It is permissible to iron clothes non-professionally in order to wear during the Chag, but it is forbidden to press folds in a professional manner (Peninei Halakha: Moadim 11:7).
Shaving and Haircut
It is a mitzvah to take a haircut and shave before Chag. And so that people not be negligent and enter Chag disheveled and unshaven, reasoning that during Chol HaMoed there would be plenty of time and they can then get their hair cut and take shave, our Sages forbade shaving and haircutting on Chol HaMoed. In other words, despite the fact that on Chol HaMoed, melachot designed for bodily needs are permitted, our Sages forbade the cutting of hair and shaving on Chol HaMoed, so that everyone would be careful to cut their hair and shave before Chag, and not enter Chag disheveled and unshaven, and thus disgrace the Chag (Moed Katan 14a; Peninei Halakha: Moadim 11:9).
The prohibition applies only to the hair of one’s head and beard, which, when wildly grown beyond one’s norm, causes him to look unkempt and demeans the Chag. But the rest of the hair of one’s body was not included in the gezeira of our Sages, and therefore it is permissible to remove on Chol HaMoed any hair that causes sorrow, including the hair of one’s mustache (ibid).
A Haircut for a Child
If a child’s hair is long and it bothers him it can be cut, for since he has not yet reached the age of mitzvot, he does not have the obligation to prepare for Chag, and consequently, our Sages did not decree to refrain from cutting his hair on Chol HaMoed (S.A., O.C. 531:6). Those who celebrate the first haircutting of a three-year old boy, are permitted to cut his hair on Chol HaMoed, and even his birthday falls before the Chag, they are permitted to delay his haircut till Chol HaMoed in order to increase the joy of the Moed (Peninei Halakha: Moadim 11:9).
Shaving on Chol HaMoed in Our Times
Many poskim are of the opinion that even men who are accustomed to shave every day, must not shave on Chol HaMoed. However, in practice it seems that the halakha goes according to the lenient opinion, which holds that anyone who shaved before the first Chag – is permitted to shave on Chol HaMoed, since he was not negligent in the honor of Yom Tov, and his shaving before Yom Tov is not beneficial for the entire Chag. And since it is permissible for him to shave, it is a mitzvah to shave in order to honor Chol HaMoed, and in particular, it is a mitzvah to shave in honor of Shabbat and the last Chag.
However, someone whose father is accustomed to be strict and not shave on Chol HaMoed, if the son’s shaving causes his father grief, it is proper for the son to act as his father does, and thus, merit the mitzvah of honoring one’s parents (Peninei Halakha: Moadim 11:9, footnote 4).
Trimming Nails, and Shining Shoes
It is a mitzvah to trim one’s nails before Chag. Indeed, be-di’avad (after the fact), according to the majority of poskim, even one who did not trim his nails before Chag, it is permissible for him to trim his nails on Chol HaMoed, just as it is permissible to do anything that benefits one’s body (Peninei Halakha: Moadim 11:10). It is permissible to shine one’s shoes on Chol HaMoed (ibid, 11:7).
Commerce, Stores, and Malls
Commerce is forbidden on Chol HaMoed; only food needed for the Moed is allowed to be purchased or sold without restriction. Therefore, the only stores that are permitted to open on Chol HaMoed are food stores.
In principle, however, if a real need suddenly arises, it is permissible to purchase non-food items on Chol HaMoed, such as clothes, shoes, kitchen utensils, electrical appliances, or a book to study. But in practice, this heter is almost never implemented, and consequently, those who spend time shopping at malls desecrate the Moed, because apart from the food stores, it is forbidden to purchase things in stores there since they were opened in contradiction to halakha. There are two reasons for this:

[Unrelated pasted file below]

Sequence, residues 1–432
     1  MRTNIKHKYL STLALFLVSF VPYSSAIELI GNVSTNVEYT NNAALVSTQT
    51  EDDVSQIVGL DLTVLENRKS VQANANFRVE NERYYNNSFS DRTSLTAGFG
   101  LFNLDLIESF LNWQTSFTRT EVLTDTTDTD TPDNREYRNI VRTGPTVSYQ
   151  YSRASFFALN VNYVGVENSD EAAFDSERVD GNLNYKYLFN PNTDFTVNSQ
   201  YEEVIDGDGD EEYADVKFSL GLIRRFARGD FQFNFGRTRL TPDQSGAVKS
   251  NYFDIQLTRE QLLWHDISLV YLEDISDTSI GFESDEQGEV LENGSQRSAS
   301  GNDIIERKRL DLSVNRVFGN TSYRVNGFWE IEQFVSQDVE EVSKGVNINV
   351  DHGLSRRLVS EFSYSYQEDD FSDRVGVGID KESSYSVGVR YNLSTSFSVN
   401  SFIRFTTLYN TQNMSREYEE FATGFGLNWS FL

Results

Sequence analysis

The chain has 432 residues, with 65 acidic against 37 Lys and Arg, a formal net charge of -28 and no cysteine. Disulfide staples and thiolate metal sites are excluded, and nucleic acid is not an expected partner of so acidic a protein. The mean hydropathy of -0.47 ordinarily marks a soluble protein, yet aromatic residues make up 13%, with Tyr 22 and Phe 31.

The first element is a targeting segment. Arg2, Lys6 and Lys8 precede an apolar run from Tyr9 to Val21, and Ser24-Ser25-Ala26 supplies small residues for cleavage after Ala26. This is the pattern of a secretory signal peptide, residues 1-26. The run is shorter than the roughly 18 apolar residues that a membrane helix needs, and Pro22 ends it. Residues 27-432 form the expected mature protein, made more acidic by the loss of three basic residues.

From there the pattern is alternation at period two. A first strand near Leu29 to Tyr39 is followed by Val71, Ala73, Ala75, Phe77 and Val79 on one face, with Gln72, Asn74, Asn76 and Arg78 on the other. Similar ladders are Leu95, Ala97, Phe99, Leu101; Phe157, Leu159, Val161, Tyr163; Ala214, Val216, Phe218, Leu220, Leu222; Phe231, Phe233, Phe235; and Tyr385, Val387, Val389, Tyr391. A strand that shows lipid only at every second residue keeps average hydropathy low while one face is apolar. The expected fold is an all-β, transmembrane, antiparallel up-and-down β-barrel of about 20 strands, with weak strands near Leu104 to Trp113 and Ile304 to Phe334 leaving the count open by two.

1) Regarding things that are not food products, the heter to purchase during the Chol HaMoed is only for someone who did not know before Chag that they would need them on the Moed; but if one knew, and did not buy – it is forbidden for him to buy on the Moed, because he is leaving his everyday work to be done on the Moed.
2) Even if there is a sudden need during the Moed, it is forbidden to buy from a person who opens his shop in contradiction to halakha, so as not to assist transgressors. In practice, almost all stores that open publicly are open in contradiction to halakha. The whole heter is in order to buy from a shop of a non-Jew, or from a Jew who shuts down his shop on Moed but sells privately and discreetly to someone who asks for something he needs for the Chag (Peninei Halakha:Moadim 11:16).
Trips – Briefly, and Without Hassle
It is permitted to travel on Chol HaMoed for a trip. A trip is considered one of the needs of the Chag, and it is permitted to perform melechet hedyot (the work of a layman), such as a driving a car. However, it is forbidden to travel for purposes not connected to the Moed, such as taking driving lessons, or in order to see something on Moed for work purposes after Chag.
Someone who has to travel on Moed is permitted to perform minor car repairs that a layman knows how to perform. It is therefore permissible to change a wheel when necessary, and a small repair may be performed that does not require special tools, or the skill of a professional. But a professional repair is only allowed to avoid a major work loss.
It appears that the heter to take trips during Chol HaMoed is intended for short trips that are not draining and bothersome, but rather, blend in with the goal of Chol HaMoed – namely, to rest from every day work, enjoy festive meals, and study Torah – for one must devote approximately half the day to Torah study; consequently, room for trips is included in the second half of one’s time, in which he must also eat his meals. However, it seems that for a trip to go up to Jerusalem, the Holy City, and the City of the Holy Temple, one can take a long trip (Peninei Halakha: Moadim 1:6; 11:15).
This article appears in the ‘Besheva’ newspaper, and was translated from Hebrew. Other interesting, informative, ands thought-provoking articles by Rabbi Melamed can be found at: http://revivimen.yhb.org.il/